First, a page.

India – “Employment creation will be one of our greatest challenges for the next decade,” says Minister of State for Finance, Jayant Sinha.
From the United States to Germany, South Korea and Australia, automotive brands and manufacturers are drifting in race towards driverless cars. But, how would the autonomy impact those employed by taxi services?
It looks like India has chosen emotional intelligence over artificial intelligence…
Jobs are scarce and it seems like the there’s no site for change in the down trend in India’s job market. As a result, the unemployed public will have to rely on the unemployment benefits which come from their social security.
To help reduce the eradication of jobs, India will be keeping a clear following distance from the globe’s Modern concept of driverless cars – showing humility in society’s job, rather than the country’s postmodernism growth towards robotic AI.
“We won’t allow driverless cars in India,” according to India Transport and Highway Minister, Nitin Gadkari.
But, somewhat it makes sense if you put yourself in the position of India’s decision maker… That’s, of course, if you’re thinking with a bit of EQ.
Employment opportunities in countries like India, depend highly on professional driving services or ‘taxis’. Imagine you were an taxi driver in New Dheli; and all of a sudden, you lose your job to a driverless car… How would that solve the country’s advancing occupation shortage?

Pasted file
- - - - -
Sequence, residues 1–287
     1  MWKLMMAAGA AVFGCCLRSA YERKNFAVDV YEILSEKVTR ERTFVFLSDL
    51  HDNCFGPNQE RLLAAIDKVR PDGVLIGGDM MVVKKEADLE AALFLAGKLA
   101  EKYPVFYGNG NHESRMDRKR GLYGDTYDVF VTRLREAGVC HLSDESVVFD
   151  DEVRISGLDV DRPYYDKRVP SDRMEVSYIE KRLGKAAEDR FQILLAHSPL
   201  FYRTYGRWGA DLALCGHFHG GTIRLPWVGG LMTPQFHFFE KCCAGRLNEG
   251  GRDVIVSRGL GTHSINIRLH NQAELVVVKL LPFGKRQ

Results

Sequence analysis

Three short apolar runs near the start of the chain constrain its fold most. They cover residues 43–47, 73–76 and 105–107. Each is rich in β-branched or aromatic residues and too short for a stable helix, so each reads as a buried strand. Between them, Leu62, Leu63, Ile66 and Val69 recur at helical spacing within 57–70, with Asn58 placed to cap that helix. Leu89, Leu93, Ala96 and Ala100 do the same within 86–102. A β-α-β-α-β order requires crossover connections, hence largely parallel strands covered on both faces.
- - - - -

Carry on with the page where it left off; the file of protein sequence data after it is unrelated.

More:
Moreover, how would you support you and your family’s ‘ecosystem’ – we do, after all, live within a community of interacting organisms, surrounded by a physical environment.
With similar thought in mind, Nitin Gadkari projected that India is already experiencing a 22,000 commercial driver shortage and therefore will not allow technology to take any jobs away.
However, things are looking up for the country’s future. Nitin Gadkari revealed that India will be opening up training facilities, in order to employ 5,000 drivers over the next couple of years.
Apart from India’s shortage in drivers, the condition of the country is not exactly in the best shape for driverless cars, according to Google CEO Sundar Pichai and Uber CEO Travis Kalanick. Before anything, India will have to place headlights on road safety, by fixing accidental roads and finding a way to reduce chaotic traffic for the autonomous technology.
Moving forward, Indian company, Tata Elxsi – part of the Tata Group – is currently testing self-driving cars on a track designed to resemble the country’s roads and traffic – pedestrians, lack of signage, livestock and unsignaled line merges.
Perhaps Tata Elxsi’s business plans will change Nitin Gadkari’s mind about India’s automotive future…
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